United States District Court, Southern District of Illinois, N.D
January 14, 1974
UNITED STATES OF AMERICA, PLAINTIFF,
LILA L. EKLUND ET AL., DEFENDANTS.
The opinion of the court was delivered by: Robert D. Morgan, Chief Judge.
OPINION AND ORDER
This is an action by the United States, for and on behalf of
the Small Business Administration (hereinafter SBA), to foreclose
a mortgage lien on two parcels of real estate, one of which is
owned by defendant Eklund & McFarlane Construction Co., and the
other of which is owned by defendants Glenn H. Eklund and Lila L.
Eklund, his wife. Also joined as defendants are nine named
mechanics lienors, each of whom has recorded a lien on one or the
other of the above-mentioned parcels of land, as well as any
unknown persons who claim an interest in said realty. Harold L.
Simkins, as Trustee, under each of two trust deeds covering said
parcels of real estate, is further named as a defendant to this
Jurisdiction is found in Title 28, Section 1345, of the United
The case is now before the court on plaintiff's motion for a
judgment on the pleadings. Said motion is directed at defendants
Charles Allen, Joseph Allen, and Joseph Allen, Jr., doing
business as Allen Lumber Co. and Allen Kitchen Mart,*fn1 Ivan J.
Moore, and Hunter, Doherty & Company, all of whom are mechanics
lienors. The motion is considered without oral hearing under
local rule 12(b).
The defendants Miller Sheet Metal, Inc. and Western Land and
Gravel Company have filed Answers after the return date of the
summons served on said corporations, and in their Answers allege
that their mechanics liens are superior to the interest of the
United States of America. It is admitted that these mechanics
liens were recorded on February 5, 1973, and March 14, 1973,
respectively. These two Answers are clearly subject to the same
Motion for Judgment on the Pleadings as are the Answers of the
other defendants mentioned above. Accordingly, this matter will
be considered as if such a motion had been actually filed after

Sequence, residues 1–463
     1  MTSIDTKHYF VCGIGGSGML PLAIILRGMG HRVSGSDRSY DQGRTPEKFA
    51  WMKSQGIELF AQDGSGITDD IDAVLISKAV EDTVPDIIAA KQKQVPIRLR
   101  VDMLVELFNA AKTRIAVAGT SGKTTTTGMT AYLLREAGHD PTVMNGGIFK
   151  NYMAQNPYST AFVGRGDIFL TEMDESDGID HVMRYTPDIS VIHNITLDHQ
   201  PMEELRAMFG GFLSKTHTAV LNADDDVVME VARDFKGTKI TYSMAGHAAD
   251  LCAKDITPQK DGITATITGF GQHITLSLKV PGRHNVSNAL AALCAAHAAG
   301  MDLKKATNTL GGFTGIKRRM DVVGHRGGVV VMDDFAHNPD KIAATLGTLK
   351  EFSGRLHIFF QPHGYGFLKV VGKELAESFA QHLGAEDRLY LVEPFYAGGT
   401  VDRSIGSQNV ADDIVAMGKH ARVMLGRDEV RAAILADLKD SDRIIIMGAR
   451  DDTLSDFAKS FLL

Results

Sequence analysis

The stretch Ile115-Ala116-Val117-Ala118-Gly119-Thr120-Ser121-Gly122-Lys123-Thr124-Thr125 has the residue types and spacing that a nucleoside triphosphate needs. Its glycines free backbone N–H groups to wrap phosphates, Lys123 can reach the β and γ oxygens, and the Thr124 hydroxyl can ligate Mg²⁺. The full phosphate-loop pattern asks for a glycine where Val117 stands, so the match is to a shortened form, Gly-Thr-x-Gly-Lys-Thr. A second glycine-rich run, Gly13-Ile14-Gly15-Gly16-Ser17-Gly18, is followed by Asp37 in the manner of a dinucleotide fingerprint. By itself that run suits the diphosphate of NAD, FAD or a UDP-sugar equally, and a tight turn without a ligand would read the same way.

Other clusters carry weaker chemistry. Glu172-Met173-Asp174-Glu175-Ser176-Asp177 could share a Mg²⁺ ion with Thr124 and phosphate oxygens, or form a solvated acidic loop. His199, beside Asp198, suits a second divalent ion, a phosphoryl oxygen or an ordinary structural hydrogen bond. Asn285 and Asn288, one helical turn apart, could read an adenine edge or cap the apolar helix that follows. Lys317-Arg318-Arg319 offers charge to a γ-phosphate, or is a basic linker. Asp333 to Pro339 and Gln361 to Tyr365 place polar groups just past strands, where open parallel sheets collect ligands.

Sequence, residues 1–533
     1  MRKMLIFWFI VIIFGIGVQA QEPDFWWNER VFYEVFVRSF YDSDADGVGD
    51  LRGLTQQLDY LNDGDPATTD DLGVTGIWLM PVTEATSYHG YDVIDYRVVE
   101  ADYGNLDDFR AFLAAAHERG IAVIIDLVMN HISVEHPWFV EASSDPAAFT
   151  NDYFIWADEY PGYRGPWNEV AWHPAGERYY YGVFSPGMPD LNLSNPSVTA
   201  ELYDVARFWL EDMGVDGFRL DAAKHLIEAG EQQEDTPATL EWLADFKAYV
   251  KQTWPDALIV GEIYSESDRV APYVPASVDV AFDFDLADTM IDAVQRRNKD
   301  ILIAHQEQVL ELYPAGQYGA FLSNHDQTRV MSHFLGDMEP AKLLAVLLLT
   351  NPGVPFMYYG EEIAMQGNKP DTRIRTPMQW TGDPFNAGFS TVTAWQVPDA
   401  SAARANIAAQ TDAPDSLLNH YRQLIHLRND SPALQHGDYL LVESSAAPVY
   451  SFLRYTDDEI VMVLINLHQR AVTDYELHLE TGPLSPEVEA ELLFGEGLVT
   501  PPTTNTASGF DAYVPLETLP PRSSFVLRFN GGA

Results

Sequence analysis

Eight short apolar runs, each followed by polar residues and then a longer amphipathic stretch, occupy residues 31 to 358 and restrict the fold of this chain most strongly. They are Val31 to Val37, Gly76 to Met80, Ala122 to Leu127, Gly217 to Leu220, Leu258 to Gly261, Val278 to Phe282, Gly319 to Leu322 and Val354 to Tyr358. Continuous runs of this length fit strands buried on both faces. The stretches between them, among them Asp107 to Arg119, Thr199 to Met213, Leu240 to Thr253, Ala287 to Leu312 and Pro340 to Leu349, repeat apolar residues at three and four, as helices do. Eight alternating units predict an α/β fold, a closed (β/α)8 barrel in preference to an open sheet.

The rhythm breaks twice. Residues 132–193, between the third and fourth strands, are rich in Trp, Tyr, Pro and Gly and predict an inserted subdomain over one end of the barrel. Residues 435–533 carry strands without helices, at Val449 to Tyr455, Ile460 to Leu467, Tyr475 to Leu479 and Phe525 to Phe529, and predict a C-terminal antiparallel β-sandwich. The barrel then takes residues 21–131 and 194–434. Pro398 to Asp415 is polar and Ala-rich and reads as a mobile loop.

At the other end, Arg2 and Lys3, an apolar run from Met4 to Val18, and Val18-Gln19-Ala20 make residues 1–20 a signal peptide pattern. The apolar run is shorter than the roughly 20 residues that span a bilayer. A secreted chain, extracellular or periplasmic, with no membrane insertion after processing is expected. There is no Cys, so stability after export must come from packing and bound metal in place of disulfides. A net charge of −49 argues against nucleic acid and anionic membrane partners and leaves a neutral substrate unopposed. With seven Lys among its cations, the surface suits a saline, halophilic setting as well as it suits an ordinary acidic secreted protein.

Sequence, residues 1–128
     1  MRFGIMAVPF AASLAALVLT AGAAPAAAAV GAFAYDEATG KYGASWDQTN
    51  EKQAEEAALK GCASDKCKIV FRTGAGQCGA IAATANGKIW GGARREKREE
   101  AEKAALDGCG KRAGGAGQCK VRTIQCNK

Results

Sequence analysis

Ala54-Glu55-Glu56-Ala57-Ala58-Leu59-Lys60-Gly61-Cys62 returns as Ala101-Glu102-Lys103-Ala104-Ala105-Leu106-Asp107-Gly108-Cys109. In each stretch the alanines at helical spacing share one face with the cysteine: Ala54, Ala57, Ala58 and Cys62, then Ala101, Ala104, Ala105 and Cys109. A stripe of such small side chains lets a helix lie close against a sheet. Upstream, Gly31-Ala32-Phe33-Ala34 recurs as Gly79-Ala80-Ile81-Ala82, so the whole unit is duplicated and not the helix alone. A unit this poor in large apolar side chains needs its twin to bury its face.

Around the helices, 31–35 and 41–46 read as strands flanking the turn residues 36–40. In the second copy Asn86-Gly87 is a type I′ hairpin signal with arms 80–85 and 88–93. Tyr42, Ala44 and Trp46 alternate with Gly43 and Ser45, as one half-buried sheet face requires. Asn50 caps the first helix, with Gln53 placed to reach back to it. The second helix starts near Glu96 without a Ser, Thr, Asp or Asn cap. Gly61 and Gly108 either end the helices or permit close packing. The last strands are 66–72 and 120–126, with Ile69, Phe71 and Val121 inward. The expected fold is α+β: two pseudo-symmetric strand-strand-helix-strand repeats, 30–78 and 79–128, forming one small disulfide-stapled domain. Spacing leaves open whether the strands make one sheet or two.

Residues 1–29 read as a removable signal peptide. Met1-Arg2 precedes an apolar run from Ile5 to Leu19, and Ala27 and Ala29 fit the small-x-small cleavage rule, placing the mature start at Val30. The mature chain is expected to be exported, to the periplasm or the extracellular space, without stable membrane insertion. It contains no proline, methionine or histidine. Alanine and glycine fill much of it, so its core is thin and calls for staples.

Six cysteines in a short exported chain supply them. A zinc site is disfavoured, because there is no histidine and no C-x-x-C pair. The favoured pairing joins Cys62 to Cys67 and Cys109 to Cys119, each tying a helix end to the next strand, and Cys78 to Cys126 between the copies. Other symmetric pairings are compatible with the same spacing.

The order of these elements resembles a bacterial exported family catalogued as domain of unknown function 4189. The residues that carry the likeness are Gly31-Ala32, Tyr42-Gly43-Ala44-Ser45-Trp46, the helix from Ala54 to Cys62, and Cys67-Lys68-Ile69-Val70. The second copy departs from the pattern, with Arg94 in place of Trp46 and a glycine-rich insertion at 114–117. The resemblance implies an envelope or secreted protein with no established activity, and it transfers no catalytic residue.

the answers of these two tardy defendants. Order of default has
heretofore been entered with respect to the other defendants.
It is undisputed that on August 2, 1971, the First National
Bank of Peru, Illinois, made a loan in the principal amount of
$350,000 to Eklund & McFarlane Construction Co., pursuant to a
participation agreement between said bank and the SBA. In
exchange, Eklund & McFarlane Construction Co. gave the bank a
promissory note in the amount of the loan and secured it with a
trust deed covering certain realty owned by the borrower.
In addition, as an inducement for making the loan, Glenn and
Lila Eklund personally guaranteed repayment of the loan and
jointly executed a promissory note in the amount of $25,000. To
secure this note (as well as a second note in the principal
amount of $10,000 which was executed individually by Glenn
Eklund), Lila and Glenn Eklund executed a trust deed to Harold
Simkins, as Trustee, conveying real estate described as follows:
Lot 3 in Century Oaks Subdivision to the City of
Spring Valley, Bureau County, Illinois; Except the
coal and other mineral underlying the surface of the
land and all rights and easements in favor of the
estate of said coal and minerals.
This trust deed, dated July 7, 1972, was properly recorded on
July 17, 1972.
Thereafter, on February 24, 1973, the bank assigned all of the
above-mentioned notes, guarantees, and trust deeds to the SBA. In